Home || Engine Removal Motor Installation Battery Box Wiring

 

 

Now that the drive system is in place, I began working on the battery compartment. The batteries will be going in the trunk of the car, for several reasons:

  • There's a lot of space
  • It's isolated from the passenger compartment
  • It's located over the rear axle, capable of supporting the weight

Here's the trunk after removing the carpeting and the spare tire:

 
 

The plan initially was to create a "basket" out of angle iron which would hold the batteries in the area where the spare tire used to be. This would have lowered the car's center of gravity and increased trunk space. So, I started by cutting out the spare tire well.

 
 

It cut out pretty easily with an air cutter and grinder. Shortly after cutting this out, I ordered my batteries. I ended up buying a different type than I originally planned for, and the new batteries were larger in size.

There was no way 8 batteries were going to fit in that hole. Woops. So, I decided to cover the hole and act like nothing happened. The mistake won't matter much because it wasn't structural (the cut didn't touch the frame). I used an old street sign to patch the hole.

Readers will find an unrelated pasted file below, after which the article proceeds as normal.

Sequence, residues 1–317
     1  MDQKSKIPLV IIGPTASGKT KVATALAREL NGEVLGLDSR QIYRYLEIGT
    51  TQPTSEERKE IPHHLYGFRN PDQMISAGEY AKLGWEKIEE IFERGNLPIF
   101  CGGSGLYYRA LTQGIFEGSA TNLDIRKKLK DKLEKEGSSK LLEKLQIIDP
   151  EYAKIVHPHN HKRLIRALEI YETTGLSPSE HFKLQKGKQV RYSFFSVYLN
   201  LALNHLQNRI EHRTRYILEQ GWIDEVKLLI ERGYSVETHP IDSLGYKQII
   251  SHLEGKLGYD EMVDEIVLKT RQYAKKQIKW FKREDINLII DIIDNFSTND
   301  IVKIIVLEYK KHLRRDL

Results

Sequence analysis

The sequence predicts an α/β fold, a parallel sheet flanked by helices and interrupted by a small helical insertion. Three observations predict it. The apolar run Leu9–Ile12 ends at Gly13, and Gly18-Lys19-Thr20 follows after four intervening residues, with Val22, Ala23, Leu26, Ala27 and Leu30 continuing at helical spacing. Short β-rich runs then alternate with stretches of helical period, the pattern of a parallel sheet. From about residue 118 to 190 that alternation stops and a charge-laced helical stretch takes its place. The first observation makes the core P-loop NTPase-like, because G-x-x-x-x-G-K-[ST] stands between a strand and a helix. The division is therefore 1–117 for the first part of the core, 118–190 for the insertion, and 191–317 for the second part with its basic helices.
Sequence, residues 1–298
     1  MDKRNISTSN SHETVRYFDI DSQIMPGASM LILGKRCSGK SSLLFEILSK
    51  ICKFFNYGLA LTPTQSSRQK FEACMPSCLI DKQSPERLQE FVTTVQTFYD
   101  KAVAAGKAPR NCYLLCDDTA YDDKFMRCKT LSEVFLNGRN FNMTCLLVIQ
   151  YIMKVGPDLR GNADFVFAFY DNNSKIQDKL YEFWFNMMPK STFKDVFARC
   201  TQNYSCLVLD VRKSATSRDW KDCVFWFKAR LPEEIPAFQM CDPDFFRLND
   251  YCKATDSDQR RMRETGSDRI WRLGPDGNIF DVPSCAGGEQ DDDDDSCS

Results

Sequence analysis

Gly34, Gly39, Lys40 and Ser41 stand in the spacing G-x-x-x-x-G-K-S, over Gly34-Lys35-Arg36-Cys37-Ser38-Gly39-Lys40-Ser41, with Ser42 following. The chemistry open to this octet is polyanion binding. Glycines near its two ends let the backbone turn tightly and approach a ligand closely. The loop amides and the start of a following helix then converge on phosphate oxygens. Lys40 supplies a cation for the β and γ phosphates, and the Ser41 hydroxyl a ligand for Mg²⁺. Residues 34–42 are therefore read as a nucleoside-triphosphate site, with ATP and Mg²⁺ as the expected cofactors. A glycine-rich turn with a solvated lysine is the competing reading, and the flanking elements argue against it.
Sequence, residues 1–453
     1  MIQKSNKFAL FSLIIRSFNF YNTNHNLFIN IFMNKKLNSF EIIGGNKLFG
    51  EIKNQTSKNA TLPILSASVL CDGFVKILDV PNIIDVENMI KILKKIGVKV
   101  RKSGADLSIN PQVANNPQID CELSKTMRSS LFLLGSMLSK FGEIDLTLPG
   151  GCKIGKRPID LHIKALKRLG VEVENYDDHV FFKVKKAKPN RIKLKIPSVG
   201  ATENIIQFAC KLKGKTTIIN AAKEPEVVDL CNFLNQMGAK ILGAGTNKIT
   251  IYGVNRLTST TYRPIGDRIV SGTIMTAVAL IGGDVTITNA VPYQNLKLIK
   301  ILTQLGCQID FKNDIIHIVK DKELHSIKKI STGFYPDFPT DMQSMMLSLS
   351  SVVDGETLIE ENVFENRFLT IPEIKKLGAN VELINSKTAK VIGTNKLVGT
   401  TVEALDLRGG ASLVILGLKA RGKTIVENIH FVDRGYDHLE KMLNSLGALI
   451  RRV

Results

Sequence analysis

I painted the exposed metal in the trunk and began screwing the sign into the trunk using self-tapping sheetmetal screws. You'll notice I have a sheet covering the backs of my seats-- this was to protect them from the spraypaint.

 
 

It actually looked pretty cool with the screwheads exposed, but I ended up painting the sign black to match the trunk color.

Ultimately, the sign wouldn't be holding the weight because the angle iron would eventually distribute the weight. More on that in a moment.

 
 

Here's the underside of the trunk, I actually like how the sign is still visible. I installed steel bars going across the sign because i was worried about sagging, but it really doesn't even need it.

 
 

I cut and installed angle iron in the trunk to hold the batteries. The weight would be distributed using this method. I also used small pieces of angle iron to create divisions to hold the batteries in their own "cells". Everything was secured down using sheetmetal screws. The cardboard in the picture was a template for sizing the cells based on the battery size.

 
 

The batteries arrived!

 
 

Eight Trojan T-1275 12v batteries

 
 

I installed the charger in the trunk, on the driver's side so that the cord could easily be fed out through the fuel cap. It's an Elcon PFC-1500, and these things tend to get hot. It can't be mounted vertically because it wouldn't be able to dissipate heat as well. Since it can't sit horizontally due to space limitations, I installed it at a strange angle using L-brackets.

 
 

I lined the trunk with rubber pieces, meant for use under rugs. This will resist movement and vibration of the batteries.

 
 

The batteries were installed one-by-one. They are about 80lbs each. The high-voltage wiring was finished, putting the batteries in series. There are several plastic "Anderson disconnects" which are just big plugs which allow you to disconnect the wires from eachother. I have them set up so that when all the disconnects are disconnected, the batteries are in four groups of 24volts each. This way I can work on the batteries without fearing for my life.

 

 

Previous << Motor Installation Next>> Wiring